What is rejection, and why do we fear it so? The word itself can often be cross-referenced with words such as: denial, rebuff, dismiss, and elimination. Seems like scary stuff for an actor huh? Well, I’m here to tell you why you need to start embracing the art of rejection; and mainly, why you need to start your own “rejection collection!”
What do I mean by a “rejection collection?” A rejection collection, is exactly what it sounds like; a collection of documents and other pieces of evidence that represent a so-called “rejection” from something you tried to attain, but didn’t reach. As artists, we feel rejected every day. It’s probably more often than not that we are seemingly “rejected” from a project or venture than we are rewarded for our hard work. But rejection is actually healthy for us all. And I know for myself, that keeping a log over the years of every time I felt particularly bothered by being rejected from something, has made me stronger over the years. I am a stronger actor because I understand how the business side of things works, and I’m a stronger person because I’ve learned to take things in stride and observe situations as if I were the other person.
So what kind of things does one put in a “rejection collection”? Well, besides your brain and its accompanying memories (which might get a bit mushy and gross if you actually tried to pull those out and put them on paper), the things you should put in are: notes given to you from an industry member about a performance or meeting, diary entries from your own bad actor days, photos from a time when you thought you couldn’t do something, or anything else that reminds you of that rejected moment in time.
Like I mentioned earlier, I, like every other human on this planet, have faced rejection. The earliest one relating to show business that I remember was when a few friends and I tried to enter our fourth grade talent show by dancing to a Bewitched song (90’s kids will know the band well!). We ended up not making the cut because some junior high girls did the same song and one of them happened to be dating one of the 8th grade judges. Nepotism existed then for me in this business, even when it was not technically “the business”. I remember being upset. I was sure of how it was all going to go; we were going to dance to our new favorite song and everyone in the crowd was going to love us. We were essentially going to be the fourth grade’s “Josie and the Pussycats.” I don’t think I honestly cared about the song or the performance, because the part about it that upset me was that things weren’t going to go as I planned they would in my mind. And that’s the trick to mastering rejection; you have to understand that you never know how things are going to turn out. So why get upset when a different and clearly meant to be path is presented to you?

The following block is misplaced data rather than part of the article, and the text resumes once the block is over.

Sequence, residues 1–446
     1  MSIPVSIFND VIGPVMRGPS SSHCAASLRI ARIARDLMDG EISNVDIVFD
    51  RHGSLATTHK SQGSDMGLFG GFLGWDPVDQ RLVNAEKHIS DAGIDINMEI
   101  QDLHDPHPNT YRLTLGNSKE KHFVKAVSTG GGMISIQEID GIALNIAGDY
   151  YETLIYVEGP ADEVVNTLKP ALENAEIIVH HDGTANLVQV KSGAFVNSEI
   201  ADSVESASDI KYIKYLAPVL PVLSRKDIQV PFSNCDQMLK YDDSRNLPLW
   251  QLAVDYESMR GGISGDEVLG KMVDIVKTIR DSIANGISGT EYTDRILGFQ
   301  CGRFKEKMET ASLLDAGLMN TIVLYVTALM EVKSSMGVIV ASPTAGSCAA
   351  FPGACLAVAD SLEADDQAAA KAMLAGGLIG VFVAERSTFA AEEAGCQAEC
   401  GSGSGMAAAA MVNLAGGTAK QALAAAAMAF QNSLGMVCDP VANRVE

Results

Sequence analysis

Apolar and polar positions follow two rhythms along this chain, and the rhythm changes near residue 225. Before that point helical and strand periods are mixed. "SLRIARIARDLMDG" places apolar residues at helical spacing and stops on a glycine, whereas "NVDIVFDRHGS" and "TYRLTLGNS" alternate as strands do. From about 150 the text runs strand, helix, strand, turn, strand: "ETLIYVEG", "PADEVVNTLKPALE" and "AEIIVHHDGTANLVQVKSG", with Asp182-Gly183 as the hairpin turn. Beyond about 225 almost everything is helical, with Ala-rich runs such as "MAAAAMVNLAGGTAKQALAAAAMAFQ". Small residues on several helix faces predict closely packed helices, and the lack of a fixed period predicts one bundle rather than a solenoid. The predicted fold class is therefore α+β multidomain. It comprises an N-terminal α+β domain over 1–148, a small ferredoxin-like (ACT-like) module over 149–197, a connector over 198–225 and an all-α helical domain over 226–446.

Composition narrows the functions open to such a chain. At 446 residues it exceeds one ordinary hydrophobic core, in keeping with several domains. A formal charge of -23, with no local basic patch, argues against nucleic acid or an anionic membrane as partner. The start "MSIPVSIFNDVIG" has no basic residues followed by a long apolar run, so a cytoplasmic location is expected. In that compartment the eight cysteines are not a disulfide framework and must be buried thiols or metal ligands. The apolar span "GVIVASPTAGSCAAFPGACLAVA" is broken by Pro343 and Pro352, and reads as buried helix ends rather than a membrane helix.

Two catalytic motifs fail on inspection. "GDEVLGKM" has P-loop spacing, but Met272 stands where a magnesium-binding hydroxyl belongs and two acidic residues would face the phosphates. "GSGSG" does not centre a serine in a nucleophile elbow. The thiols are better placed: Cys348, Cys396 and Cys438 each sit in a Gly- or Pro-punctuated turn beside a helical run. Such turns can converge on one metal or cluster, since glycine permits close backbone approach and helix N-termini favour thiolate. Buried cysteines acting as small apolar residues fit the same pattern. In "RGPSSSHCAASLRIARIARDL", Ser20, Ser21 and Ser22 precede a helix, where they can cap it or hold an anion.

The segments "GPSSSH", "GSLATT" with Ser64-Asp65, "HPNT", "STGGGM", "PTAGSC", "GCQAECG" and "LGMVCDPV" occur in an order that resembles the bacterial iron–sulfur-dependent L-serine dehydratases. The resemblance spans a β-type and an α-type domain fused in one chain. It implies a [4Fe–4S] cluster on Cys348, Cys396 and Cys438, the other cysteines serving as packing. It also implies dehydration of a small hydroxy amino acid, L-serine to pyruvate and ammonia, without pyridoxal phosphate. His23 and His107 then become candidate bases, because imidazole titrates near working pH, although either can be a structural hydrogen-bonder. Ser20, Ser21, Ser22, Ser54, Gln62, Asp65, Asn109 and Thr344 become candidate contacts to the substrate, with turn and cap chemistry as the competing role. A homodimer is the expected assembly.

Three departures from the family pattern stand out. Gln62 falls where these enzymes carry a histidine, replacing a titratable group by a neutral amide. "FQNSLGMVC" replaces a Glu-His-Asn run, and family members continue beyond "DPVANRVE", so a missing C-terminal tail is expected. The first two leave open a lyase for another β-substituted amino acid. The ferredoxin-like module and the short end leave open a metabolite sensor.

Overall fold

So instead of dancing in the talent show, I probably stayed home that night and watched “Buffy the Vampire Slayer.” And I bet that it was an important episode, that if I’d missed (remember these were the non-DVR days), I would’ve been upset. See how that worked out?
And of course over the years, I’ve faced rejection of all sorts within the actual industry. When I was in high school, my junior year I wanted nothing more than to play Audrey in our drama club’s rendition of “Little Shop of Horrors.” I worked so hard to rock out my audition. (My accent was spot-on dammit!) Needless to say, it wasn’t what I’d hoped it would be and I didn’t get the part. But interestingly enough, I ended up booking my first feature film role a few weeks later. I think of that moment and those events as the first time I believed in “fate”. I’d been so distraught over a stupid high school play (as if that was going to make my career), and then ended up getting to have a blast and learn so much on an actual movie set. Although I still felt that painful sting of rejection, I was also able to see that sometimes when we don’t get what we want, we do end up getting what we’re meant to have. (Did I just paraphrase a Rolling Stones song? My bad if I did.)
Through the years, I’ve saved notes written to me by the occasional agent or casting director who thought I “needed work” or looked much older than I was. I have a note from an agent who rated me as looking in my late thirties. I would not be offended at all if I were actually in my thirties. But being in my early twenties at the time, I was confused. But what things like that show me, now years later, is that not only is this an industry filled with opinions, but that I’ve grown immensely over the years. My novel has been rejected many times and I continue to make it better; never giving up and always open to learn more. (Is it any surprise that I’ve saved some of those rejection emails from publishers as well? Yep, I have).
So if you haven’t already begun your “rejection collection”, I urge you to start now. Because as things pile up, you will eventually reach a point in your career where you can look back and smile at how far you’ve come. You can inspire others through the progress you’ve made and the attitude that you will conquer any challenge you face; just like the ones you can look back on any time you need a good dose of empowerment. Live Long and Reject On!